Nikola Tesla Museum
|Established||December 5, 1952|
|Location||Krunska 51, Belgrade|
The Nikola Tesla Museum (Serbian: Музеј Николе Тесле / Muzej Nikole Tesle) is dedicated to honoring and displaying the life and work of Nikola Tesla. It is located in the central area of Belgrade, Serbia. It holds more than 160,000 original documents, over 2,000 books and journals, over 1,200 historical technical exhibits, over 1,500 photographs and photo plates of original, technical objects, instruments and apparatus, and over 1,000 plans and drawings. The Nikola Tesla Archive was inscribed on UNESCO's Memory of the World Programme Register in 2003 due to its critical role regarding history of electrification of the world and future technological advancements in this area.
The Nikola Tesla Museum is housed in a residential villa built in 1927 according to the designs of Dragiša Brašovan, a distinguished Serbian architect. The building was used for various purposes until December 5, 1952, when the Nikola Tesla Museum was founded in accordance with the decision of the Government of the Federal People's Republic of Yugoslavia. The material for the museum was shipped from New York City to Belgrade, Yugoslavia, on September 7, 1951, as a result of efforts by Sava Kosanovic, Tesla's nephew and closest relative and his attorney, Philip Wittenberg.
Over the past 60 years, a number of his papers have suffered water damage[not in citation given]. This has led historians to consider it a disservice to Tesla that his trunks were removed from the United States of America. With renewed worldwide interest in Tesla's work in the areas of mechanical and electrical engineering, full and unhindered access to his work is desired. Yet, many original documents are uncataloged, and may have been lost, stolen, censored or damaged.
The Nikola Tesla Museum is charged with preserving and displaying the legacy of Nikola Tesla. The present director is Vladimir Jelenković.
The permanent exhibition was arranged in 1955. From time to time there have been some modifications, but for many years the basic concept has remained the same. Its first part is primarily a memorial exhibition, while the second part is an interactive one, with 3D computer generated models of Tesla's inventions. From time to time, the museum organizes thematic exhibitions of documents, photographs and other material in order to display some periods from Tesla's inventive life.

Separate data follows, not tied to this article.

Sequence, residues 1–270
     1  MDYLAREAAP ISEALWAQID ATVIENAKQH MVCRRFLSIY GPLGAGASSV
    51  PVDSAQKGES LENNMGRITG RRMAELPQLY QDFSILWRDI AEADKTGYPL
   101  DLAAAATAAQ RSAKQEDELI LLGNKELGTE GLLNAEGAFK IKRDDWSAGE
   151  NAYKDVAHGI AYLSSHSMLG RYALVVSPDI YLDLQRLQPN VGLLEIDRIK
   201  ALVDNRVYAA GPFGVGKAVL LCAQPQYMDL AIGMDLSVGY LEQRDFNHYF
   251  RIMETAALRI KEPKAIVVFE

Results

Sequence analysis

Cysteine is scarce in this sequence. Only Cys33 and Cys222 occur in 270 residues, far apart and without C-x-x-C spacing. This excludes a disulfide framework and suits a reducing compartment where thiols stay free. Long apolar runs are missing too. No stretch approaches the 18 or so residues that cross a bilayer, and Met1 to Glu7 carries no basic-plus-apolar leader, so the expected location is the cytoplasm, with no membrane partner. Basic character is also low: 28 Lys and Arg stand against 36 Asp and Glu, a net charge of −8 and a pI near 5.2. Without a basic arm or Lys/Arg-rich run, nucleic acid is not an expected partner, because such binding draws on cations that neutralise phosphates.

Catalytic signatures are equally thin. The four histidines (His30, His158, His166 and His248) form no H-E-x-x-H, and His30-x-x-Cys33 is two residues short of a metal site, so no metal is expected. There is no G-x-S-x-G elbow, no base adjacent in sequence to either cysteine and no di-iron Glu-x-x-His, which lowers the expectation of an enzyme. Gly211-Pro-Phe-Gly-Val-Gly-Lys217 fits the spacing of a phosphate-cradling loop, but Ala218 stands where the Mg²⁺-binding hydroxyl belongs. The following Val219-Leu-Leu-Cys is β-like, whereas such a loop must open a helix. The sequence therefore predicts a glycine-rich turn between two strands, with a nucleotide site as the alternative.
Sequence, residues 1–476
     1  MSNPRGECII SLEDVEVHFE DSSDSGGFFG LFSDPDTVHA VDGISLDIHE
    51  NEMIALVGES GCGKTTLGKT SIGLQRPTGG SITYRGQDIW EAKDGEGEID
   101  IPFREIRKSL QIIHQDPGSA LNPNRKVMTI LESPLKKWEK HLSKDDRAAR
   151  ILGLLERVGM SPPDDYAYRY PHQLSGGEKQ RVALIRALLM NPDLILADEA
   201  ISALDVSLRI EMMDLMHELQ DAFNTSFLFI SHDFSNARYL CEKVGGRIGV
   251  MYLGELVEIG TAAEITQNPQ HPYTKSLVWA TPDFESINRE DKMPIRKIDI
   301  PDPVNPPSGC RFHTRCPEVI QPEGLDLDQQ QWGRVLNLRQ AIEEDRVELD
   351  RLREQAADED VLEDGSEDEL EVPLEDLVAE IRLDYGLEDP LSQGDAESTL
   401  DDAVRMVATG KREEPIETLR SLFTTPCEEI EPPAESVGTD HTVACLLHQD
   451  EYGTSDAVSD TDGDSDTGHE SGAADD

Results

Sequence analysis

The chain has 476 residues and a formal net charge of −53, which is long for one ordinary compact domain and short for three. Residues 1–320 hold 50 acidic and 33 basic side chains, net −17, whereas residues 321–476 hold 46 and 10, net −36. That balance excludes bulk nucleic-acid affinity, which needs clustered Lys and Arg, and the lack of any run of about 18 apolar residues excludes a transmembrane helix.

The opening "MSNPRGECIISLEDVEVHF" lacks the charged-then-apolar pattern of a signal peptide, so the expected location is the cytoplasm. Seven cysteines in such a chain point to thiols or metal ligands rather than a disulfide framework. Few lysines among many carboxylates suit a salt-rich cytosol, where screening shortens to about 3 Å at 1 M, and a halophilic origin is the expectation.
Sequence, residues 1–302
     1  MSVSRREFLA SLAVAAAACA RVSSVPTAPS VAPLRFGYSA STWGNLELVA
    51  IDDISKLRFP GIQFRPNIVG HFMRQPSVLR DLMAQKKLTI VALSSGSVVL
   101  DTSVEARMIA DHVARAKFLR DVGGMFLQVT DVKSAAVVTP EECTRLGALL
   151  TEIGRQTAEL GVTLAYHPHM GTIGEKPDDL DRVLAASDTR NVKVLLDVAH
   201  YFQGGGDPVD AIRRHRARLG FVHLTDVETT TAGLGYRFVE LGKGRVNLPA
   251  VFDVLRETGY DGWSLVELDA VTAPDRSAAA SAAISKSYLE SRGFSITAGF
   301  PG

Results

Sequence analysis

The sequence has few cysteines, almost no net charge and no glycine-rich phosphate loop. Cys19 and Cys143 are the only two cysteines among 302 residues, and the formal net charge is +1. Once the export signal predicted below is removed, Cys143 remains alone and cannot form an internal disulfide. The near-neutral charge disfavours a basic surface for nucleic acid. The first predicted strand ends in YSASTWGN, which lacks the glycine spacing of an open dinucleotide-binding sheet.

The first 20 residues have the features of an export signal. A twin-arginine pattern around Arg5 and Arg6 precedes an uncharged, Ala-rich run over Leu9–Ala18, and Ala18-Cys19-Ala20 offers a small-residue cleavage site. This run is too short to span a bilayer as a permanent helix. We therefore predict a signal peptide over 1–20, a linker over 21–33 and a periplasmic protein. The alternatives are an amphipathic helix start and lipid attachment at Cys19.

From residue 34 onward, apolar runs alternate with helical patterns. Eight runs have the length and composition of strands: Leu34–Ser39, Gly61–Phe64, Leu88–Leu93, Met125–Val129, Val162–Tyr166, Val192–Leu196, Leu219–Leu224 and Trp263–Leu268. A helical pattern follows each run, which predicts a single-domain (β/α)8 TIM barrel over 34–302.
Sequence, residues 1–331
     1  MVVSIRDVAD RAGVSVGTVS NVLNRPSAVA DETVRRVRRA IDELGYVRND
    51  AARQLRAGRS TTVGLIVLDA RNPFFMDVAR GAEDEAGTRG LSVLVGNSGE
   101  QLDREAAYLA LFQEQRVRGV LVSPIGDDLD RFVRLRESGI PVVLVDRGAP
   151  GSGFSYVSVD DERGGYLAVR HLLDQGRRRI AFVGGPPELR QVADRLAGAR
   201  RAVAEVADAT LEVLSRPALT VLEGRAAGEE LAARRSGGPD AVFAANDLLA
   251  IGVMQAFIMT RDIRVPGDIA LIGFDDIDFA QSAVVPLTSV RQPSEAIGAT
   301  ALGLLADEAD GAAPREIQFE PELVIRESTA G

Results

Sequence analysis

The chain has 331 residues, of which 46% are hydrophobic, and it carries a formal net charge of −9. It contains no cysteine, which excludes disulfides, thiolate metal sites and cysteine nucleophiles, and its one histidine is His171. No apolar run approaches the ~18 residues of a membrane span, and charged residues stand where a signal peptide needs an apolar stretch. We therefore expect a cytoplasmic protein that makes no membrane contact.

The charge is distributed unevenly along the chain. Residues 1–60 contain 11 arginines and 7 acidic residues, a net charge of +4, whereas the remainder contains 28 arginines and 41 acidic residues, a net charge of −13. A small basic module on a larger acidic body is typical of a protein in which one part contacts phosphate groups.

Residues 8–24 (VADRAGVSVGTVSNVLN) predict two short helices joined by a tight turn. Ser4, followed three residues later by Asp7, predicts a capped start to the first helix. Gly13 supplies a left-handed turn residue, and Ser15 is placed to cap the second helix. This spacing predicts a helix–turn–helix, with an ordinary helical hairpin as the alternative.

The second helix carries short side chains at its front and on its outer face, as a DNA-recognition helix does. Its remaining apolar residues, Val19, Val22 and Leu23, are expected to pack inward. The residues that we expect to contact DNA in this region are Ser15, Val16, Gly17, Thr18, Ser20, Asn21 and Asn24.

Reconstruction of the Nikola Tesla Museum started on November 3, 2006. The first phase of the project was scheduled to have been complete by the end of 2006. The garden on the roof of the museum was designed to be enclosed by glass windows, which would turn the roof into a computer room. This reconstruction is now complete, and the museum is available to visit.
Cross-section of asynchronous motor built on Tesla′s principles.
Induction motor with an egg shaped rotor, popularly called Columbus' Egg. Shown at the Worlds Columbian Exposition in 1893
Polyphase system. Showing an example of generation, transmission and utilization of electrical energy.
Model of a boat operated by remote control.
Telecommand unit for model boat.
- "Nikola Tesla's Archive". UNESCO Memory of the World Programme. 2008-05-16. Retrieved 2009-12-10.
- KGB agent, codename "KOLO", see American Espionage and Project Venona
- "The Nikola Tesla Museum". International Tesla Society, Inc. 1990-07-00. Retrieved 2010-08-17.
- "Research of Nikola Tesla in Long Island Laboratory, Aleksandar Marinčić. Reprinted from Energy and Development at the International Scientific Conference in Honor of the 130th Anniversary of the Birth of Nikola Tesla". Tesla Memorial Society, Inc. 1986-00-00. Retrieved 1990-00-00. Check date values in:
- Nikola Tesla Museum - Official Website
- Nikola Tesla Museum Historical Document Archive
- Nikola Tesla Museum - Official MySpace profile
- Contact details with map and bus stops nearby
|Wikimedia Commons has media related to Nikola Tesla Museum.|